quotient will be highly specific. If not, it may mask something that
    is critically important!

    But is ain't half cool to say that the database health quotient
    improved from 97.35% to 98.21% last night!!

    Bottom line - 'caveat emptor'.

    peter
    edinburgh
    ..............

    --

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  • Stephane Faroult at Aug 25, 2004 at 8:10 am


    Nice point!
    Regards,

    Stephane Faroult

    RoughSea Ltd
    http://www.roughsea.com

    On Wed, 25 Aug 2004 07:07, 'Daniel W. Fink' sent:

    There's more to database health than what you can find in statspack
    (though it is part of the overall toolkit). Health also includes
    security, recoverability, supportability, etc.

    [snip]

    Consider that a poorly performing database is usually more acceptable
    than a down database.

    Regards,
    Daniel Fink

    Please see the official ORACLE-L FAQ: http://www.orafaq.com

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  • Freeman, Donald at Aug 25, 2004 at 9:35 am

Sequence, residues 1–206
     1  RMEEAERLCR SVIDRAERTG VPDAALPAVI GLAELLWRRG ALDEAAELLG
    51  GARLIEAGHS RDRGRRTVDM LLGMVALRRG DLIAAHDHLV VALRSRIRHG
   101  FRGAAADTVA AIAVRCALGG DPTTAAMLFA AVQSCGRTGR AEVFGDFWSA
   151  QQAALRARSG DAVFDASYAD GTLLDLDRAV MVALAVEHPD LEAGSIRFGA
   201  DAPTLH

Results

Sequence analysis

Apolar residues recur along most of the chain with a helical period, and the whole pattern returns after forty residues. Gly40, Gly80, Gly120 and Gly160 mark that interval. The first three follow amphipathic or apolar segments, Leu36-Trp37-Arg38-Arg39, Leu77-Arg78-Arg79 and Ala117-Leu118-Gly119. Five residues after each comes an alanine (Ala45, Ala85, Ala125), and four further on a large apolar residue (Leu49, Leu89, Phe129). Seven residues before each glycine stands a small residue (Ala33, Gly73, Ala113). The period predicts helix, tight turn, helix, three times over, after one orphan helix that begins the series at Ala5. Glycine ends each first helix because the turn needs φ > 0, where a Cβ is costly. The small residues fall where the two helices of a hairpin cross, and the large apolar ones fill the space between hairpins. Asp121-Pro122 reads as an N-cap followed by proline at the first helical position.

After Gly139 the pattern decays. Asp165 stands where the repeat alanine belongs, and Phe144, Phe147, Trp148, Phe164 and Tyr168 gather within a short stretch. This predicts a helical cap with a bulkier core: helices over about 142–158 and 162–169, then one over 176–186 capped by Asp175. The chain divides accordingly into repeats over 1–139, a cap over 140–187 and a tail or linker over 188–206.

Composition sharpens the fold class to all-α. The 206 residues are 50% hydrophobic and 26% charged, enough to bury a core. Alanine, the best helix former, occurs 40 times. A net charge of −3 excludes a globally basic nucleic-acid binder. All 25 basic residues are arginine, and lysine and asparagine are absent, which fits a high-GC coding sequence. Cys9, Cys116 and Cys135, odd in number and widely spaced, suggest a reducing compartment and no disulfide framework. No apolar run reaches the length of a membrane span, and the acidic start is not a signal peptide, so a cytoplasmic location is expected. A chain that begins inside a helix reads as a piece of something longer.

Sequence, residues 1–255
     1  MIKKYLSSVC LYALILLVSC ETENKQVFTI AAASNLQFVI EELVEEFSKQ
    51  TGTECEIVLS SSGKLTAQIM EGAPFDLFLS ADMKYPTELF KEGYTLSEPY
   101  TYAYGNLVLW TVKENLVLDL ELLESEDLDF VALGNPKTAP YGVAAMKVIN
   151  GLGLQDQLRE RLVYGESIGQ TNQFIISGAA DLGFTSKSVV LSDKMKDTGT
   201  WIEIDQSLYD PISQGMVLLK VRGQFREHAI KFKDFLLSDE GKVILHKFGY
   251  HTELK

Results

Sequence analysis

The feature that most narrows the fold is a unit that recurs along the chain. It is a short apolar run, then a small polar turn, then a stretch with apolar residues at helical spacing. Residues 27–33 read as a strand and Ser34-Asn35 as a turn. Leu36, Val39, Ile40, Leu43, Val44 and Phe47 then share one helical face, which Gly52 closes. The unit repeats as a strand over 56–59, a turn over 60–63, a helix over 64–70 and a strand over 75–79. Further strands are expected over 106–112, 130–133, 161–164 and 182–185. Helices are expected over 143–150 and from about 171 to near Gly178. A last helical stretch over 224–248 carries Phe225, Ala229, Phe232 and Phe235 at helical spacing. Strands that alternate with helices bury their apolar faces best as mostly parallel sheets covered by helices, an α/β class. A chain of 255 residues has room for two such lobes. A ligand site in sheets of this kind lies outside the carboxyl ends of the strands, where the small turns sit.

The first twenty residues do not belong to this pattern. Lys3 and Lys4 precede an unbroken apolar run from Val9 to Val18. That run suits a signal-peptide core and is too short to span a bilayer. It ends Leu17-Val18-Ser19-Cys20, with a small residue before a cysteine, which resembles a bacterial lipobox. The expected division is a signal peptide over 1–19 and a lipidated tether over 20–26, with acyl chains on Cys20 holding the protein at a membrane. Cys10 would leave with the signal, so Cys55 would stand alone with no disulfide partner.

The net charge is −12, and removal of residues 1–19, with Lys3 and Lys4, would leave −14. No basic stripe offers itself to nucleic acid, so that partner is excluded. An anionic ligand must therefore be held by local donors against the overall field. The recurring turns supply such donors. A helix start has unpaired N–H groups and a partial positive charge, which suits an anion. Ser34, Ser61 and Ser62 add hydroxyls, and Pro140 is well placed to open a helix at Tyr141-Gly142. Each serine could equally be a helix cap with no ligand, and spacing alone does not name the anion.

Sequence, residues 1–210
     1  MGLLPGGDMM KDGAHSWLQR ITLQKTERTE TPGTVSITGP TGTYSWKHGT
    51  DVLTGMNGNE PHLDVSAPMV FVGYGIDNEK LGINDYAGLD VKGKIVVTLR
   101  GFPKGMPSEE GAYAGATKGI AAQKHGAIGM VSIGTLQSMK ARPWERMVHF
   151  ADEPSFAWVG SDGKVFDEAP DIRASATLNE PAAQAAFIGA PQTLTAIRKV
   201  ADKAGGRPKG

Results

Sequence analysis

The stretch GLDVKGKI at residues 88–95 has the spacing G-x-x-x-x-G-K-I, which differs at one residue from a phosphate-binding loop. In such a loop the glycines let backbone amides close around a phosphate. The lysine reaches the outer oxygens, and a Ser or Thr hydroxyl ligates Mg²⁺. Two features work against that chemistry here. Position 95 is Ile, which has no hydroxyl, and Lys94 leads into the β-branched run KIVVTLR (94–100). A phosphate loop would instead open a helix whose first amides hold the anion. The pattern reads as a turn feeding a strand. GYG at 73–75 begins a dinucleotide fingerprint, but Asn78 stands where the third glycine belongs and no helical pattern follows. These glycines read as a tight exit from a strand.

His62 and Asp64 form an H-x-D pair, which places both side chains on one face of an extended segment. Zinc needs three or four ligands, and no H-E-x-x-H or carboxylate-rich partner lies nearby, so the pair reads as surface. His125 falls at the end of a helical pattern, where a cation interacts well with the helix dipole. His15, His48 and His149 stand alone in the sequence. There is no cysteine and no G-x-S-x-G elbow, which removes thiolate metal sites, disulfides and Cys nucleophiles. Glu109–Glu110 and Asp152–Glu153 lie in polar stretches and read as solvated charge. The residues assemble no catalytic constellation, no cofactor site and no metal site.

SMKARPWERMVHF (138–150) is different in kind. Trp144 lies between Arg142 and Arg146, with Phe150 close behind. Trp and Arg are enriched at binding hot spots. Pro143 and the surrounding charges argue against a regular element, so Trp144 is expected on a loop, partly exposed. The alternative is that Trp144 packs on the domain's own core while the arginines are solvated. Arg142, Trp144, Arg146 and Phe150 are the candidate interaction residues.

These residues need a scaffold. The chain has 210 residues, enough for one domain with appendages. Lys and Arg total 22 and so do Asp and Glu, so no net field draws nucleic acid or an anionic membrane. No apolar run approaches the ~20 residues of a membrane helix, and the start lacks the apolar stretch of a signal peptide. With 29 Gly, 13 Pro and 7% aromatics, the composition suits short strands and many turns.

I agree with your point that users many not know when something isn't =
    working right or not understand the significance of something they =
    observe. I have visited users on site and watched as they clicked =
    through warnings, exceptions and errors without comment to get to the =
    problem that is really bugging them. So yes, people do ignore obvious =
    problems if the pain is tolerable. But my approach would be to engage =
    my users rather than try instrument the database in such a way that =
    would reduce my dependence on prompt disclosure of issues from my users. =
    You haven't said anything I disagree with but, personally, I have more =
    confidence in my ability to extract the details of my users experience =
    through communication and observation than setting up a health check. =
    I'm in a position to do that with my users though and I'm sure many =
    DBA's don't have that kind of contact.

    -----Original Message-----
    From: oracle-l-bounce_at_freelists.org
    On Behalf Of Daniel W. Fink
    Sent: Wednesday, August 25, 2004 9:32 AM
    To: oracle-l_at_freelists.org
    Subject: Re: d/b health check

    Just because no-one is complaining (that you know about) does not mean=20
    that nothing is wrong. Within most organizations that I have been a part =

    of, the gap between the users and IT usually limited the communication=20
    about performance problems. Users may become conditioned to accept=20
    things the way they are and just complain amongst themselves and never=20
    to management or IT. Management and IT don't seem all that eager to go=20
    looking for problems, when they usually have enough to deal with =
    already.

    If we use the analogy of a health check in the medical fashion, we need =

    to consider the difference between reactive and preventative actions.=20